• 15. “I am able to share information with other agencies and haveData Seldom Shared access to relevant information from them when necessary.”acrossOrganizations Somewhat• Agencies have difficulty assessing Disagree data from other agencies, due to Somewhat 18% either restrictions or lack of sharing mechanisms. Agree 34%• When offered the statement, ―I am Strongly able to share information with Strongly other agencies and have access Agree Disagree to relevant information from other 7% 32% agencies when necessary,‖ fifty I don‘t percent of managers ―somewhat‖ know or ―strongly disagree.‖ ―Data is not made available 9% to the rest of the organization, so data gathering is performed by each and every seeker.‖ Percentage of respondents, n=209 www.govexec.com/gbc 15
  • 16. Agencies Struggle Challenges in Reporting Datato Make DataActionable External Reporting (i.e., OMB, GAO) Internal Reporting (i.e., measuring performance or program evaluation)• Seeing the ―bigger picture‖ behind the data is a challenge when it comes to reporting for both 58% 57% external and internal purposes. 49% 45% 47%• When asked which challenges managers found in their agency‘s 33% reporting process, ―coming to meaningful conclusions or actionable measures from reports‖ is a struggle for managers, in both external (58 percent) and internal (49 percent) reporting. Coming to meaningful Integrating information Crafting high-level conclusions or actionable from multiple sources into analysis from reports measures from reports one report Percentage of respondents, n=210 www.govexec.com/gbc 16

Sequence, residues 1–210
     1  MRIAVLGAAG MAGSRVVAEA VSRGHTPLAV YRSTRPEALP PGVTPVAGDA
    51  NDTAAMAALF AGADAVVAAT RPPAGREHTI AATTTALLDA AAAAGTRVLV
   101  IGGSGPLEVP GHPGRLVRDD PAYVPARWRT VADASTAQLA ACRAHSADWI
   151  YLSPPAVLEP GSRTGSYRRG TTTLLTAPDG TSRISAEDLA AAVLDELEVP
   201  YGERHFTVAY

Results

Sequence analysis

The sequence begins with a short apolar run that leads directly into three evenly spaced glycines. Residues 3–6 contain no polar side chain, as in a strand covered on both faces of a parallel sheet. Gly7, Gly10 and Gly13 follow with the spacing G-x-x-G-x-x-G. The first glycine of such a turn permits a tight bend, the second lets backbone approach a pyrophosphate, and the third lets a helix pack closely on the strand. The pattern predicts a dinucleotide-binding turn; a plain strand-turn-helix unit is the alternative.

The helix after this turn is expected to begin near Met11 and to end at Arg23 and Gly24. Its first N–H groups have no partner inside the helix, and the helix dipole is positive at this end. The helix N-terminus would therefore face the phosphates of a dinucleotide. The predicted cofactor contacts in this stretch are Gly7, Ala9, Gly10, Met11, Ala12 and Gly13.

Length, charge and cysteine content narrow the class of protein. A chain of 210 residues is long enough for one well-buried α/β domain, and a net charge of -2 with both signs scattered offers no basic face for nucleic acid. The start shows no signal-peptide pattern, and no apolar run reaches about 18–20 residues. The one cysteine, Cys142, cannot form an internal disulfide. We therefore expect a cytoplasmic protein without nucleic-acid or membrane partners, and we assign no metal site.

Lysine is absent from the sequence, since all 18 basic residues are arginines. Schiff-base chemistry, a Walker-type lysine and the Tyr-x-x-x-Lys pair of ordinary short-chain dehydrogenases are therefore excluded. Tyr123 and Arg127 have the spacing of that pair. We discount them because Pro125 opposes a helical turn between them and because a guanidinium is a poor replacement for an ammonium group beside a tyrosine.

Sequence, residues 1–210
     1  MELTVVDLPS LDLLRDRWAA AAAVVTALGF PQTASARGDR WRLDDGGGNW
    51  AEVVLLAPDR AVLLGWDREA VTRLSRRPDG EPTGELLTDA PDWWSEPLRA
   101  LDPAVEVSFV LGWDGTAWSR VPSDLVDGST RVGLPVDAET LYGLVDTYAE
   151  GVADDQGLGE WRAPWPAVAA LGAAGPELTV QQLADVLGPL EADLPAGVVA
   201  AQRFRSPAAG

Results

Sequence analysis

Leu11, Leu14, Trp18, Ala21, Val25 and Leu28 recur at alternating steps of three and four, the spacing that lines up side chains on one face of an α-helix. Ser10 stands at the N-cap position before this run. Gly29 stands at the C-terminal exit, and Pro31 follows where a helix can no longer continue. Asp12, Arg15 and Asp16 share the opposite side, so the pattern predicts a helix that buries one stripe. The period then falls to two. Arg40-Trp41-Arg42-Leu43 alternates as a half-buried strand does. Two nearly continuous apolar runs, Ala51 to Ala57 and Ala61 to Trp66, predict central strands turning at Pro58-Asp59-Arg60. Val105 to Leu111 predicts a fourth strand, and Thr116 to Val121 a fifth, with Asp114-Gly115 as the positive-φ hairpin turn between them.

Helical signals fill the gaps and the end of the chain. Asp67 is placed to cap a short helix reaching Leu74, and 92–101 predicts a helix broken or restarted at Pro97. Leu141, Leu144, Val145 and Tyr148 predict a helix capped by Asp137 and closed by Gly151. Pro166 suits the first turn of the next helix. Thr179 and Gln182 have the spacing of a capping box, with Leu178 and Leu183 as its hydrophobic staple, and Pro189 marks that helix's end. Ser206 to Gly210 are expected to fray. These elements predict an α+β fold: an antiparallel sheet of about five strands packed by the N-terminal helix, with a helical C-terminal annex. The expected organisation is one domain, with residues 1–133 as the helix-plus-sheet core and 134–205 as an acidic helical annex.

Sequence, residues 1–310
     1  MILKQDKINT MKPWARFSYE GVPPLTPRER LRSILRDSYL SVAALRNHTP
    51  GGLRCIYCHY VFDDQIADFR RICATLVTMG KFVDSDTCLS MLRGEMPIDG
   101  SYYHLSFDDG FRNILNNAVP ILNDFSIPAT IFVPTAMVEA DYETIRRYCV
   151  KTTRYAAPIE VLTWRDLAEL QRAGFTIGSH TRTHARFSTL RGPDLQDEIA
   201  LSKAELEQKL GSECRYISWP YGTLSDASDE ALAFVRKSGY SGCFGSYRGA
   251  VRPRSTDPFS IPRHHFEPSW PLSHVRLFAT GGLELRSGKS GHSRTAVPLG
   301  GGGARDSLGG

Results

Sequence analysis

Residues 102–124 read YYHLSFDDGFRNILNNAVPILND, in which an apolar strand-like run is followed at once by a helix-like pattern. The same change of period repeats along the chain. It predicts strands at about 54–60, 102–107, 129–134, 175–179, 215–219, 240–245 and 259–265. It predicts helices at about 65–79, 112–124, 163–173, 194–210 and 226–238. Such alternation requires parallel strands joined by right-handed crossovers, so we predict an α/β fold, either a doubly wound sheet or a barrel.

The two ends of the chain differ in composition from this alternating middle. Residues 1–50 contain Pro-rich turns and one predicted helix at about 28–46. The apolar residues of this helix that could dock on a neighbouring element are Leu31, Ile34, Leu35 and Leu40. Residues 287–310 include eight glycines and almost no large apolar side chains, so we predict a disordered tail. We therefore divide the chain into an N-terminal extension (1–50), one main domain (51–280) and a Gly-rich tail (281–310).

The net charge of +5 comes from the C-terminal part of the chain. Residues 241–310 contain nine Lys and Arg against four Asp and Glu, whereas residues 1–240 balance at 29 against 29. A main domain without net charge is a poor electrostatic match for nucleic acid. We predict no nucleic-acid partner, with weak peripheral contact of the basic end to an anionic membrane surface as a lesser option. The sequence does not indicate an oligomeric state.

• 17. ―We have few useful ―It is frustrating toreporting ―We find have an OMBmechanisms in ourselves analyst sending outplace--cannot doing the data calls for‗burden‘ the field same work information theywith reporting twice.‖ wont understand orusefully detailed have any idea whatdata--and spend they intend to use itmost of our analysis for.‖time verifying oftenmisleading data.‖ www.govexec.com/gbc